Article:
With that being determined, the report then turned to liturgical dancing in the Scriptures. It’s remarkable that they did it at this point, after the determination was made that liturgical dancing may have a place. The impression is given that justification is being sought after the fact. Nearly all the references were to the Old Testament. The report asserted that, “This is not surprising, since the New Testament gives us only the very beginning of the New Testament church history. Apparently the Holy Spirit did not want to bind the church to certain models, customs, or orders of service.” That last statement seemed out of place. It sounds like an afterthought intended to ward off criticism. Again we must ask whether this reasoning is sound. When we lay it out, the specious character becomes evident:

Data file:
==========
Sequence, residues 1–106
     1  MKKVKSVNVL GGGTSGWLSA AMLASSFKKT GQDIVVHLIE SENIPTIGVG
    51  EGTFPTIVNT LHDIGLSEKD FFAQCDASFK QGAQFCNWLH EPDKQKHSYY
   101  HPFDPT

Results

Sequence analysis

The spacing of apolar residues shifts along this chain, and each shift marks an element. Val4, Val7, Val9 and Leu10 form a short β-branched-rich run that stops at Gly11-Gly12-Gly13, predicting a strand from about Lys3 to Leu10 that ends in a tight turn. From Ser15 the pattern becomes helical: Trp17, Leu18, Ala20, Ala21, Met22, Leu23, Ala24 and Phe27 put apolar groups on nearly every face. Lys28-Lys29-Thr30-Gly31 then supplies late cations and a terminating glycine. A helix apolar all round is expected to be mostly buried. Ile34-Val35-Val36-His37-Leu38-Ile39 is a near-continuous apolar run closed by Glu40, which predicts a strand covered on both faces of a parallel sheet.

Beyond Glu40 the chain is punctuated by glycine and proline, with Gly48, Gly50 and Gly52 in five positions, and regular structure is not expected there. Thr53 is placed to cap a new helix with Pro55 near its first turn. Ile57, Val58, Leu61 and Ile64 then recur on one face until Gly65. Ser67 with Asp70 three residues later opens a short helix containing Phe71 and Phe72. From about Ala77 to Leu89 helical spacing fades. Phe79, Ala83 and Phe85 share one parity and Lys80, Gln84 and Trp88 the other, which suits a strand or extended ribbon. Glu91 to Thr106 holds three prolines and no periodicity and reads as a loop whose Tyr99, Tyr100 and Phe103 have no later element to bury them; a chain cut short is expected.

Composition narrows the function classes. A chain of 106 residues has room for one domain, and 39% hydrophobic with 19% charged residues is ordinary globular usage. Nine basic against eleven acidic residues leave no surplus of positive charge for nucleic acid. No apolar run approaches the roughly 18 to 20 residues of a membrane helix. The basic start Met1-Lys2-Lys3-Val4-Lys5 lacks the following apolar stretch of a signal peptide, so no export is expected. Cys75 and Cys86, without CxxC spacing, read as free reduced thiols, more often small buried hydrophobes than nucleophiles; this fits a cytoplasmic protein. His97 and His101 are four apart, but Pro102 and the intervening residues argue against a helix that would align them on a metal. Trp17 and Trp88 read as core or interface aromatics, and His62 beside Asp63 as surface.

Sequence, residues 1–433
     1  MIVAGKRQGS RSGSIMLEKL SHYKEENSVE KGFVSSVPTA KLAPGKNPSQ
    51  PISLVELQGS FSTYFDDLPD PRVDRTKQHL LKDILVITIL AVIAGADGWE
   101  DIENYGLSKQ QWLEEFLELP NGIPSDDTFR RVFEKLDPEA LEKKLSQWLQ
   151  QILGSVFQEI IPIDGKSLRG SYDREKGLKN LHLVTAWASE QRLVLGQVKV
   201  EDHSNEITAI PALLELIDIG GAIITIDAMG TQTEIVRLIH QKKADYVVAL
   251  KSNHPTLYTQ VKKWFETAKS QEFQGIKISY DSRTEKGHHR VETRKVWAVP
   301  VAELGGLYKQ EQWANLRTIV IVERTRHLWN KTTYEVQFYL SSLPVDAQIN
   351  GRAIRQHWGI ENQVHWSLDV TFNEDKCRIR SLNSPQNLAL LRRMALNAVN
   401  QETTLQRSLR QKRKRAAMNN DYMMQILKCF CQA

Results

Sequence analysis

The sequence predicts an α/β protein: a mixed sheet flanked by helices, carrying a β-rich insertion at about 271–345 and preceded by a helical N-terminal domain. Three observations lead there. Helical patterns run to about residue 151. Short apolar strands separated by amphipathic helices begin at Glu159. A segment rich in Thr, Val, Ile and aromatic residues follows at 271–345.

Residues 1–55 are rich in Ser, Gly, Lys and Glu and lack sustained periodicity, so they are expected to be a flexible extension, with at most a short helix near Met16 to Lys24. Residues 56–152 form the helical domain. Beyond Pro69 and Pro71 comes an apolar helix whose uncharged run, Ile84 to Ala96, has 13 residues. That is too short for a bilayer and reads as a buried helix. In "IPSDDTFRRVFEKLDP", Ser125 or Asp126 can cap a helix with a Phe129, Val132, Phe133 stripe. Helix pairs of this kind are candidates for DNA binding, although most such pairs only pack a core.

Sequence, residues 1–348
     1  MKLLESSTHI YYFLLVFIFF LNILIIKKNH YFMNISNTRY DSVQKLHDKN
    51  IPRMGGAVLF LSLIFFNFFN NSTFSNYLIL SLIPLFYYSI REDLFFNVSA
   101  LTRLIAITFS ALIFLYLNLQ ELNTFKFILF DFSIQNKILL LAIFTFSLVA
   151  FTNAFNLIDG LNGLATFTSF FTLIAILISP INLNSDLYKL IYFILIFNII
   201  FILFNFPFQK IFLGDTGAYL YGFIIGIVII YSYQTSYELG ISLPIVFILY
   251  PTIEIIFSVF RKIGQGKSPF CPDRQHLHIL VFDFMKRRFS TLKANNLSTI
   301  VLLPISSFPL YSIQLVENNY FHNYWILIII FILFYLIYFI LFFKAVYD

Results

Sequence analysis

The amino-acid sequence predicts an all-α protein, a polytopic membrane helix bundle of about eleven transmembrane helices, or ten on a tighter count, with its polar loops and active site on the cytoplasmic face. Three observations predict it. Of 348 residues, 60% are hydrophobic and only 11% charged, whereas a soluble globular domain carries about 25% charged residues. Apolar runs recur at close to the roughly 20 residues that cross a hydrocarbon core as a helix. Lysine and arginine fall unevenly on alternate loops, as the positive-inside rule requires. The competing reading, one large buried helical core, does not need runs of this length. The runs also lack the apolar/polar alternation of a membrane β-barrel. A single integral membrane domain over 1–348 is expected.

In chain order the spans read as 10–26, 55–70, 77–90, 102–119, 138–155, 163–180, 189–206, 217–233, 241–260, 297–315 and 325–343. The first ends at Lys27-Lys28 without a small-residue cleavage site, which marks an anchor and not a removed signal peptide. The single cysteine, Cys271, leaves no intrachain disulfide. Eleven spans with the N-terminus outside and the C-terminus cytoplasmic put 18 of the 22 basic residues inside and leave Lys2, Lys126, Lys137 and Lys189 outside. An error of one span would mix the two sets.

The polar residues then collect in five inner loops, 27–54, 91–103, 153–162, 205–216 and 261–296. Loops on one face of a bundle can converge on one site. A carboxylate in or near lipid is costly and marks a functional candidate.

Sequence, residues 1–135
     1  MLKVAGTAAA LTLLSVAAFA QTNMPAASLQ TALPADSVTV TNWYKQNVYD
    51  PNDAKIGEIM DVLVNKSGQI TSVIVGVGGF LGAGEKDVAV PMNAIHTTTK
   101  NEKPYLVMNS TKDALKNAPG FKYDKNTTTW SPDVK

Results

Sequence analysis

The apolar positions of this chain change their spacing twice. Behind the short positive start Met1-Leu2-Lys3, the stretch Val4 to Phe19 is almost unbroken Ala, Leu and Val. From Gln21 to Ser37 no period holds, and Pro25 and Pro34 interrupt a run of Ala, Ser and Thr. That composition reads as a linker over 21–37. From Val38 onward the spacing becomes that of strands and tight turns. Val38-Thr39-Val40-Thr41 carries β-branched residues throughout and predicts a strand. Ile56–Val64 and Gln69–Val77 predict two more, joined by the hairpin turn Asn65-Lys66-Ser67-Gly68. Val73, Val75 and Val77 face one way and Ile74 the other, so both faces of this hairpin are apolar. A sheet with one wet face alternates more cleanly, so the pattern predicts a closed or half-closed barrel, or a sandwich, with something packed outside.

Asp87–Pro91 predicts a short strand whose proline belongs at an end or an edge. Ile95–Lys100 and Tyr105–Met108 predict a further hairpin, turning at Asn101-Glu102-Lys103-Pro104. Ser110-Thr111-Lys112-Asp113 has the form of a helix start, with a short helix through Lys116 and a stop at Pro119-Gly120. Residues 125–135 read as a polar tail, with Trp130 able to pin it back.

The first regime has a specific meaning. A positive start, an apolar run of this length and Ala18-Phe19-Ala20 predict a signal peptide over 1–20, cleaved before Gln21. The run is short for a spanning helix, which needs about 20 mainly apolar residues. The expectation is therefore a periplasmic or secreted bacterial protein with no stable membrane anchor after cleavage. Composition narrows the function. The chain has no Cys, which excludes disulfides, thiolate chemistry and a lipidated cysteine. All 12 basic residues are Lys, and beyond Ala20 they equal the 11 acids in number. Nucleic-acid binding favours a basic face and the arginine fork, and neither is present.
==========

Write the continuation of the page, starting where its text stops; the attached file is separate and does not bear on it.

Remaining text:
The Old Testament tells us all about liturgical dancing
The New Testament says next to nothing
Therefore, the Holy Spirit does not want to bind us to certain models, customs or orders of service.
Again, this manner of reasoning is not confessionally Reformed. It reflects a departure away from the principle of worship found in the Three Forms of Unity.
We cannot discuss every Scripture passage brought forward in the report, nor is it possible to discuss all the historical evidence for and against liturgical dancing. What we should note here are the types of principles that were used. The main principle is dialogical. Dialogue is the one and only thing that matters in Christian liturgy. A corollary — though it remains unstated — is that the confessions have nothing to say on this matter. Another element in the discussion is an appeal to existing CRC practices which had previously been discouraged by synods, such as choirs. The unofficial practices came into the discussion and influenced the outcome. If we allow choirs, then why should we not allow liturgical dancing? As long as it fits into the “enduring structure” of dialogue, virtually anything is permissible in Christian worship.